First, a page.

I liked what she had to say about peer pressure by calling it "peer approval". We all seek approval from our peers, and many times we do "what's needed" to get that approval. That's OK, Ann says as long as it is the right thing, the thing we want to do, or is of neutral moral or social value. In my new book, for release this fall, "Tools for Effective Parenting", I call peer pressure - peer permission, which is in line with her thinking. Effective parenting, (the act, not my book) Ann says is "parenting which helps kids develop a code of ethics." And that code, must include integrity!
She has a great approach to bullying and "the village" parent concept. Bullying includes hard things like "online" and even "Credit card buying". Read it you'll love it, and it will help you as well as your children!
Two other things I really like: If you need something from your kids, or anyone, don't ask, TELL. I have heard so many parents ask their kids if they "Want to go home, or want to go to bed, or eat their dinner, or want to go to the rest room." Kids always say "No" and the parents feel frustrated. Her advice and mine: TELL them, "It's time to go home, to go to bed, or the bathroom." And "You need to do your home work, now!"
I like her "Butt in Campaign"!Read more ›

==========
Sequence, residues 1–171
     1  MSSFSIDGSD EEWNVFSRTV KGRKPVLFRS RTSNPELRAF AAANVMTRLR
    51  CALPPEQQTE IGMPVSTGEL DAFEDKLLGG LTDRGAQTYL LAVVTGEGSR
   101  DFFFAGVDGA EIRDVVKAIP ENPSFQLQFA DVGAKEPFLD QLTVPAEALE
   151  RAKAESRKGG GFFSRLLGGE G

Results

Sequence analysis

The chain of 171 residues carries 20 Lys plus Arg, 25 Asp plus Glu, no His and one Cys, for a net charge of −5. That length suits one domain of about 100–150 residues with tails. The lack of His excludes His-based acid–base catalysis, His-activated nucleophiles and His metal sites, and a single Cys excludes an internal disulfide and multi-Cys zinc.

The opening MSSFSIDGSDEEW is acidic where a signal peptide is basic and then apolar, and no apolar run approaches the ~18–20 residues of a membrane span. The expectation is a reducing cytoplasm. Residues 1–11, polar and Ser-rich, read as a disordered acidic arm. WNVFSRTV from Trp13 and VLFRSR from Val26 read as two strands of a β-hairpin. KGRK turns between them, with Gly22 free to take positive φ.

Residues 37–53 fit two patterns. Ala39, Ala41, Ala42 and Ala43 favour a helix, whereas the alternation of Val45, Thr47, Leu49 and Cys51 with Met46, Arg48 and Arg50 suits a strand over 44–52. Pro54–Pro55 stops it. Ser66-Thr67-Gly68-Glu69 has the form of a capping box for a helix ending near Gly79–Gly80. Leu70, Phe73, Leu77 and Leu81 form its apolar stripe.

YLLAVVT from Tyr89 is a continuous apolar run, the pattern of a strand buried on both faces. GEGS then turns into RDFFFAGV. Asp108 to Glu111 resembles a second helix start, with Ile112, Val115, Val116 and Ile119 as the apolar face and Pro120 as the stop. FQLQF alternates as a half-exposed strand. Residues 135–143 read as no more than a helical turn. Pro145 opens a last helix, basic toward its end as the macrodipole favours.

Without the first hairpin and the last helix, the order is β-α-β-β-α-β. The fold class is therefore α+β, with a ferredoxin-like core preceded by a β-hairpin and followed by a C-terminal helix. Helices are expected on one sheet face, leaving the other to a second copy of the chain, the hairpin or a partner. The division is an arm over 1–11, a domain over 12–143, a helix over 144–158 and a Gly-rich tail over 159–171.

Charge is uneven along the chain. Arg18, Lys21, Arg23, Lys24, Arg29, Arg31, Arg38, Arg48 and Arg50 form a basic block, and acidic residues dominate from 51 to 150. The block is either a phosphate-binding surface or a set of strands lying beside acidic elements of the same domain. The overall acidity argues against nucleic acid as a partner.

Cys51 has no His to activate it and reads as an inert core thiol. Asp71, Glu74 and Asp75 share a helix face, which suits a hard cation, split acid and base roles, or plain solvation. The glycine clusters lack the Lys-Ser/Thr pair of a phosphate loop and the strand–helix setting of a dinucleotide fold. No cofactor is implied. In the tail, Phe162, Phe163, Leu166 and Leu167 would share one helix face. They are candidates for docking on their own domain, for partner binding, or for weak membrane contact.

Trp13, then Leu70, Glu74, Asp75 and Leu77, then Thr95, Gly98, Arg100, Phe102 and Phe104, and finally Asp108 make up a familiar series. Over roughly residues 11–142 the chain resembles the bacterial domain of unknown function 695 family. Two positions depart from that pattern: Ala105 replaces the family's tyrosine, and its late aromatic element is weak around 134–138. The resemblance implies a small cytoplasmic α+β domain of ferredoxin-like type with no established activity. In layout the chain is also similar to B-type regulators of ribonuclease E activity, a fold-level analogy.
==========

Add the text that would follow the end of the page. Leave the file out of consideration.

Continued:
Most Recent Customer Reviews
This book has all the maximum possible challenges a parent of a teenager faces and I am very much impressed by the solutions Annie has provided.Published 21 months ago by Jessy
This is a MUST MUST read for ANY parent!!
The author does a terrific job with this book! It's like she is sitting in the room with you and talking! Read more
I hate to give this only 1 star because it is not a reflection of the book at all. I hate that Amazon does not always make it obvious that you are purchasing a digital form of... Read morePublished on April 16, 2014 by S.M. Dishman
This book guides us through the various scenarios a parent may face in dealing with their kids. How to make them loving , caring and compassionate is the key element on this bookPublished on March 18, 2014 by Anuj
Very, very helpful! It gave me a little insight and a boost into the mind of my little one! I needed it!Published on February 2, 2014 by T. Roberts
This book is a great tool for that.
they can help and count for inheritance
but they perish,they can be stolen... Read more
Great ideas in this one that should be things that all parents work on with their children. Not hard to read and understand, but definitely will take serious effort to put into... Read morePublished on November 22, 2013 by scmk
I feel like this was a collection of individual thoughts/stories that don't go together. It's a bit too preachy for me and it didn't seem like the author has children (real life... Read morePublished on September 8, 2013 by avid reader
I'd like to order this book based on the reviews but the reviewers seem like they are writing ads and if you check the other reviews they wrote, they are mostly 5 star glowing... Read morePublished on May 25, 2013 by Doug Liser